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Recipe 23.4. Enabling File Sharing on Windows PCs
Follow this summary to learn how to enable file sharing on the various incarnations of Windows.
To enable file-sharing on Windows 95/98/ME, go to Control Panel Network. Make sure that network cards are configured, TCP/IP Networking is installed, Client for Microsoft Networks is installed, and File and Printer Sharing are installed. It should look like Figure 23-1.
Figure 23-1. Check that network cards are configured and the appropriate items are installed (Windows 95/98/ME)
Click the "File and Print Sharing" button, and check the "share files" box.
Figure 23-2. Check the hostname and workgroup
Figure 23-3. Set "Share Level" access
To create a shared directory, open Windows Explorer and right-click on the directory to be shared, then left-click "Sharing." "Sharing" will appear in this menu only when file and printer sharing are enabled.
For Windows NT/2000, go to Settings Network and Dial-up Connections to verify that TCP/IP Networking, Client for Microsoft Networks, and File and Printer Sharing For Microsoft Networks are all installed and configured. Right-click on "Local Area Connection," then left-click "Properties" to see this (Figure 23-4).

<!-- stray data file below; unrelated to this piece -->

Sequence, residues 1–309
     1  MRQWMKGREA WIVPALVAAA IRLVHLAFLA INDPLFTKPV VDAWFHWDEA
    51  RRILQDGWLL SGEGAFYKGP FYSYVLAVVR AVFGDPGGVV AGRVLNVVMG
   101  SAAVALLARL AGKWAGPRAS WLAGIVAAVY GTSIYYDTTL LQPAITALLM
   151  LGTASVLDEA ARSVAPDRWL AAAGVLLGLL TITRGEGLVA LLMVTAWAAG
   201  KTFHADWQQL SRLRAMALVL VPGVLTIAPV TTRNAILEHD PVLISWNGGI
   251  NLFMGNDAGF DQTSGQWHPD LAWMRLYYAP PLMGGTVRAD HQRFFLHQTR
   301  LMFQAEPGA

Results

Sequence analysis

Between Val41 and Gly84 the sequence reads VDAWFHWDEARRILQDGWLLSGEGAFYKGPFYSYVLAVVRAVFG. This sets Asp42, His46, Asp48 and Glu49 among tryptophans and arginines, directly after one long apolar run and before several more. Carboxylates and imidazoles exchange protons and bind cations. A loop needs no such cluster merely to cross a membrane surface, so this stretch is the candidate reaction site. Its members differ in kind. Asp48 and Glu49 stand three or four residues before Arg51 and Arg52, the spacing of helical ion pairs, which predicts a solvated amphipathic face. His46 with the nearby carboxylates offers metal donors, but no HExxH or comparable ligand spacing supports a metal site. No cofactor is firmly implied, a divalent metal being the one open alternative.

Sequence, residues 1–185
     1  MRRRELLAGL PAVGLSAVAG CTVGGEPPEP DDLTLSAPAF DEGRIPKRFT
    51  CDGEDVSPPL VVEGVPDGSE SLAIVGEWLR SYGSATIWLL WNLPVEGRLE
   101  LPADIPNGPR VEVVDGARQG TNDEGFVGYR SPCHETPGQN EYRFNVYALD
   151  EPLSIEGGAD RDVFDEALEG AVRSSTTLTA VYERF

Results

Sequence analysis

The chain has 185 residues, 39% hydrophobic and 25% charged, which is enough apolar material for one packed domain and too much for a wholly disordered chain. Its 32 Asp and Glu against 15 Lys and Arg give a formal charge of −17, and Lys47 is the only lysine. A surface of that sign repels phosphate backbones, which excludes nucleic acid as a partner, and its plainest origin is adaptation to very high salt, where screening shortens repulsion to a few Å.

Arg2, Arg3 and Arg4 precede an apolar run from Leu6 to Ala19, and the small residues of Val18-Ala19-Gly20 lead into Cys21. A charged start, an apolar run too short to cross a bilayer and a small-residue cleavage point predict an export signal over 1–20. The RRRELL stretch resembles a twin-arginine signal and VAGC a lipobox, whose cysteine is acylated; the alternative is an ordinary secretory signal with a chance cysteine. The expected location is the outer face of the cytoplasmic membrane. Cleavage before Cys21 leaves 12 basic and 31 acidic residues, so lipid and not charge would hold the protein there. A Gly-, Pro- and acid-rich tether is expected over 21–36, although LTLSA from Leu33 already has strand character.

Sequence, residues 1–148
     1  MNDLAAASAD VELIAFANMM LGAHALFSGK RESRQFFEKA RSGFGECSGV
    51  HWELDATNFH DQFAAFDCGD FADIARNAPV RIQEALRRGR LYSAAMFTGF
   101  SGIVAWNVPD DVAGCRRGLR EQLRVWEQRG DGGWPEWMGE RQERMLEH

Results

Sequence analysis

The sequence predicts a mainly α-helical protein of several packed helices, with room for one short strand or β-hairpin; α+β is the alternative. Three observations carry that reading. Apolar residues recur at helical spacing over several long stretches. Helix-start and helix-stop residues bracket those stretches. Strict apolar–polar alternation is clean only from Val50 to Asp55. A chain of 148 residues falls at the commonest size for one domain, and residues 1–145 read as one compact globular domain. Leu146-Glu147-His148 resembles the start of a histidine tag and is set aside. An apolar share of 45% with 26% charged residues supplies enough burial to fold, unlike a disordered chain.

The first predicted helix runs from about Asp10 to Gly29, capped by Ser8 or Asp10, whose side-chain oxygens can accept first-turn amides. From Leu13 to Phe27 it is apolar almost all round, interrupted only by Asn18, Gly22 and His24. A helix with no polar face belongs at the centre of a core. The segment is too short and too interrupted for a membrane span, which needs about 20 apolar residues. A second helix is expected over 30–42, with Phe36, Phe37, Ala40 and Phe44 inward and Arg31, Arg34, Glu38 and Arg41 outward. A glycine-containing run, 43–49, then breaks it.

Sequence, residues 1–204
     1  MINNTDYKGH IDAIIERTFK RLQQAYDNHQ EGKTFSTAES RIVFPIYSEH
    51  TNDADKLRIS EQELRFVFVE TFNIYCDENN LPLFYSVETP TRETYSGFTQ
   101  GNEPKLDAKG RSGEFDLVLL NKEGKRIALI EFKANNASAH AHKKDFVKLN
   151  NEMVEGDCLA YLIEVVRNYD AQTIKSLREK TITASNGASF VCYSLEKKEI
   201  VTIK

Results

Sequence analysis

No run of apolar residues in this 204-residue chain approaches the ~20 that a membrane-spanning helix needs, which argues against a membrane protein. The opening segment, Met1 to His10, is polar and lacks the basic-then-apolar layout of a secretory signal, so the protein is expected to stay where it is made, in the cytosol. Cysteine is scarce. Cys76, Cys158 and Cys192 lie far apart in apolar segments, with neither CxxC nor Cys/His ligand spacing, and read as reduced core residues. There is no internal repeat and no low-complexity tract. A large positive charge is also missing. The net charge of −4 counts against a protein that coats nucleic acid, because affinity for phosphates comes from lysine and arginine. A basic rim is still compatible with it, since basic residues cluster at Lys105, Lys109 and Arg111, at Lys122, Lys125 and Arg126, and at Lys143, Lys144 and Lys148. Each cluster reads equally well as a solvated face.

Figure 23-4. Check the Network and Dial-up Connections settings (Windows NT/2000)
Confirm the workgroup name in Advanced Network Identification. Then go to Control Panel Administrative Tools Computer Management Local User and Groups Users. Double-click on "Guest," and make sure the account is enabled (Figure 23-5).
Figure 23-5. Check that the "Guest" account is enabled
Windows XP is different from the others. File sharing is disabled by default. To enable it, go to My Network Places Set Up a Home or Small Office Network. This brings up the Network Setup Wizard. Follow the wizard to set up the workgroup name and file sharing. This enables Simple File Sharing, which is like Share-Level access in Windows 9x, except that the Windows system folders and program files cannot be shared.
To share files, the easiest way is to copy them to Documents and Settings\All Users\Documents. This is the default shareable folder.
Users who grew up in the casual, carefree days of Windows 95 often find NT/2000/XP to be rather stifling and restrictive, and miss the ease of simply sharing an entire hard drive. This can still be done on NT/2000/XP; you just have to work at it a little harder. In Windows Explorer, right-click the drive you want to share. Select "Sharing," then click the New Share button. Give the drive you want to share a meaningful name, like "Fred C drive," and a descriptive comment. These comments appear in Network Neighborhood and in Linux LAN browsers, so make them helpful.
Of course, sharing your entire drive is completely insecure. But for folks who like to do it, there it is.
23.4.4 See Also
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